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The Interdisciplinary Science of Consumption$
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Stephanie D. Preston, Morten L. Kringelbach, and Brian Knutson

Print publication date: 2014

Print ISBN-13: 9780262027670

Published to MIT Press Scholarship Online: January 2015

DOI: 10.7551/mitpress/9780262027670.001.0001

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Reciprocity in Primates

Reciprocity in Primates

Chapter:
(p.3) 1 Reciprocity in Primates
Source:
The Interdisciplinary Science of Consumption
Author(s):

Sarah F. Brosnan

Frans B. M. de Waal

Proctor Darby

Publisher:
The MIT Press
DOI:10.7551/mitpress/9780262027670.003.0001

Since animals devote large portions of their waking hours acquiring the food necessary for survival, why do they sometimes give it away? This behavior, called food sharing, is relatively simple to explain in some contexts, such as mothers feeding their dependent offspring. However, in other cases sharing occurs between unrelated individuals, requiring additional explanation. In some cases, food sharing is apparently reciprocal. That is, individuals may exchange favors such that the short-term costs of providing food (or other commodities) now are offset by the long term benefits of receiving goods or services in return at some point in the future. One inherent risk in exchanging favors is that some individuals may take advantage of the system and not reciprocate. How then, do individuals ensure optimal partnerships? We propose that decisions to share food with others are likely based on affective signals associated with the individuals’ relationships. In this chapter, we discuss the data on food sharing in non-human primates and conclude that they, like other species, may use emotions as guides for decisions to allocate resources.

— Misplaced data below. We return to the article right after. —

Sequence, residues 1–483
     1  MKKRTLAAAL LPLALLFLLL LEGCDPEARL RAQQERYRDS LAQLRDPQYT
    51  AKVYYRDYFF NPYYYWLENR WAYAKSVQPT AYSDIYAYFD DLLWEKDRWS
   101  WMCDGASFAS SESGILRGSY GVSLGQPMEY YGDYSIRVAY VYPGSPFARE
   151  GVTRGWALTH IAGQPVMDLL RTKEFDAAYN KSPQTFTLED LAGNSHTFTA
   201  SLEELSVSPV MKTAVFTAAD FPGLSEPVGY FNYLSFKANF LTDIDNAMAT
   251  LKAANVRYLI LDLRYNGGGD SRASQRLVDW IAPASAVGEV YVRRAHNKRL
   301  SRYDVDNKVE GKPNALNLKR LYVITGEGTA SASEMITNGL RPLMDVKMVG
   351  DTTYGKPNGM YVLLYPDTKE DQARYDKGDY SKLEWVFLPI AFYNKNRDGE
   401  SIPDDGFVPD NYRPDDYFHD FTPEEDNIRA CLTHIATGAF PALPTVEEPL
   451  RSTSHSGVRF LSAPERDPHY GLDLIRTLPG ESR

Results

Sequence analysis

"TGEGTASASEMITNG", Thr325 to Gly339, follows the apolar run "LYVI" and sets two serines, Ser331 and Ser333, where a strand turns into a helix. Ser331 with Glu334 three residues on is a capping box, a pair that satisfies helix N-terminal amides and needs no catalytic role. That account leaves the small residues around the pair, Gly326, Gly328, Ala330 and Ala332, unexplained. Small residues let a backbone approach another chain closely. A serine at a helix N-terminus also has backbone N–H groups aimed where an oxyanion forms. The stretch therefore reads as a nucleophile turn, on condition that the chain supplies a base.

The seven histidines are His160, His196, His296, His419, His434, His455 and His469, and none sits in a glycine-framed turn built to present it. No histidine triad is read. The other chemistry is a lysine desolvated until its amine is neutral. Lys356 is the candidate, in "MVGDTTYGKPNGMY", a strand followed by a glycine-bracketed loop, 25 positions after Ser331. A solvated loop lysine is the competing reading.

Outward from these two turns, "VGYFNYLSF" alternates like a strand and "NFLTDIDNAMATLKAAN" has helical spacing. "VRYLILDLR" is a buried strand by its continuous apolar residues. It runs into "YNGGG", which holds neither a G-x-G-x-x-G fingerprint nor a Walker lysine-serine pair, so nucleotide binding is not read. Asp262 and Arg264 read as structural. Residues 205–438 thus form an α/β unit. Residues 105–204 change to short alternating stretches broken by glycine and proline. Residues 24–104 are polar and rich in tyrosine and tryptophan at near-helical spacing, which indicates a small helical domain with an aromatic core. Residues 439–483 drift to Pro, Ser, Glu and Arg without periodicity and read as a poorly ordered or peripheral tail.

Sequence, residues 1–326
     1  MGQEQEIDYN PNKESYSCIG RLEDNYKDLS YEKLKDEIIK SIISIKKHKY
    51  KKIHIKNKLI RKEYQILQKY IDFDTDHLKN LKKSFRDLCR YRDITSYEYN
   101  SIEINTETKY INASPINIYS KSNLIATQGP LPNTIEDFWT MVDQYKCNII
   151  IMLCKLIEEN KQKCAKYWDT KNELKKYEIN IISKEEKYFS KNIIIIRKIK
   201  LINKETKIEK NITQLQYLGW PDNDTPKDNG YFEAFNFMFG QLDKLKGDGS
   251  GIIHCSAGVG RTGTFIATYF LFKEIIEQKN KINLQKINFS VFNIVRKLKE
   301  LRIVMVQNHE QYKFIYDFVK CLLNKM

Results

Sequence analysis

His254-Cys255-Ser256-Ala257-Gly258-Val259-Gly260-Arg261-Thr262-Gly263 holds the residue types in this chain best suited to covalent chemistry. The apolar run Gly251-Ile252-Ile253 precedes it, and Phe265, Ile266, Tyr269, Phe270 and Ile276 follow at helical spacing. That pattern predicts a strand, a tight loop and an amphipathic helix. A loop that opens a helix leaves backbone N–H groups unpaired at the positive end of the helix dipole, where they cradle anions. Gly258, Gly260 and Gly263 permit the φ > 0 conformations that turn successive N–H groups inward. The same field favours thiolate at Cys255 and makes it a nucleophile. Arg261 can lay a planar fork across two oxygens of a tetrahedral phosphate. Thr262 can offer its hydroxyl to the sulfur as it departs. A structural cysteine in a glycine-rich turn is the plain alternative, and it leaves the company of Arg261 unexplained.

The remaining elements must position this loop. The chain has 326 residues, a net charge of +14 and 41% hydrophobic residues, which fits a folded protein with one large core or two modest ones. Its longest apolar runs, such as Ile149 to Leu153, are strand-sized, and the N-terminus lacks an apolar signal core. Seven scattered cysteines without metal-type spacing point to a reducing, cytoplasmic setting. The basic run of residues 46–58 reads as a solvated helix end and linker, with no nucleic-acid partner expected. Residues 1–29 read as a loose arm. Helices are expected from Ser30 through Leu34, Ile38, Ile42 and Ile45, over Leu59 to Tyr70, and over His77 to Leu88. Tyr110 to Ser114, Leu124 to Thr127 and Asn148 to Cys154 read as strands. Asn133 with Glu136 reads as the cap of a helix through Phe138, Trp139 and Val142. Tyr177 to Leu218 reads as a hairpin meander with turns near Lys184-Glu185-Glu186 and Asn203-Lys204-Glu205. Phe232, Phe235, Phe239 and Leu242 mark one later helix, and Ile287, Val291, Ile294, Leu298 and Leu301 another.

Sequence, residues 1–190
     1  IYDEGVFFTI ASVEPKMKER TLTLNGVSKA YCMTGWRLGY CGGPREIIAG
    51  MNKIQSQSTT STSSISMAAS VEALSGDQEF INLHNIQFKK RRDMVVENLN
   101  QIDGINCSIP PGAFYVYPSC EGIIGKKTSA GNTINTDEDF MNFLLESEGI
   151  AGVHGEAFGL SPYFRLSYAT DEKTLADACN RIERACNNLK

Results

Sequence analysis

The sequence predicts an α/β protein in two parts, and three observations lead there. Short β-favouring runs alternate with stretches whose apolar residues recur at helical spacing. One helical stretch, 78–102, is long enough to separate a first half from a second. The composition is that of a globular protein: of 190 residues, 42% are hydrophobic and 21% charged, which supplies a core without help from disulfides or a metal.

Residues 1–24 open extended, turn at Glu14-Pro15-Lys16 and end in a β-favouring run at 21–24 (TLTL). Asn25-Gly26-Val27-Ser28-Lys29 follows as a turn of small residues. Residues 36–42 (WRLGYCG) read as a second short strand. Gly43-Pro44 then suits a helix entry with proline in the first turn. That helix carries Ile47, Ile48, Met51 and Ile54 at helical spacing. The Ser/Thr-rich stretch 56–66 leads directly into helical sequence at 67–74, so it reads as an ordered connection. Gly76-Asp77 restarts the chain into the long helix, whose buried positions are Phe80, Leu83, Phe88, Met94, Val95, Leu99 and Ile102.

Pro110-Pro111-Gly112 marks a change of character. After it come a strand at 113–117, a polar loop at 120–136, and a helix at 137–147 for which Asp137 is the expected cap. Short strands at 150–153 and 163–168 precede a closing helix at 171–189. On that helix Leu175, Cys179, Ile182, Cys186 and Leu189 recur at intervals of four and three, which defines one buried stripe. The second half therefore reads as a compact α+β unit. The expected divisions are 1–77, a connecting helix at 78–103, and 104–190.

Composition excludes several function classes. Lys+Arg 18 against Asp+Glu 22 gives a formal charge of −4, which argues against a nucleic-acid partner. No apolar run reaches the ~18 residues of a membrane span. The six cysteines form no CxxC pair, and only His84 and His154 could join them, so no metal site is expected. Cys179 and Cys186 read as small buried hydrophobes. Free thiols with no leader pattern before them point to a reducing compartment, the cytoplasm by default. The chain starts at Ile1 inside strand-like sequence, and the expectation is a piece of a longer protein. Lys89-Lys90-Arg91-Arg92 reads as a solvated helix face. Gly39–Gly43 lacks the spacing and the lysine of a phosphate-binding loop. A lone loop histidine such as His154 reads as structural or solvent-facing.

Keywords:   Reciprocity, Primates, Food sharing, Emotions, Resource allocation

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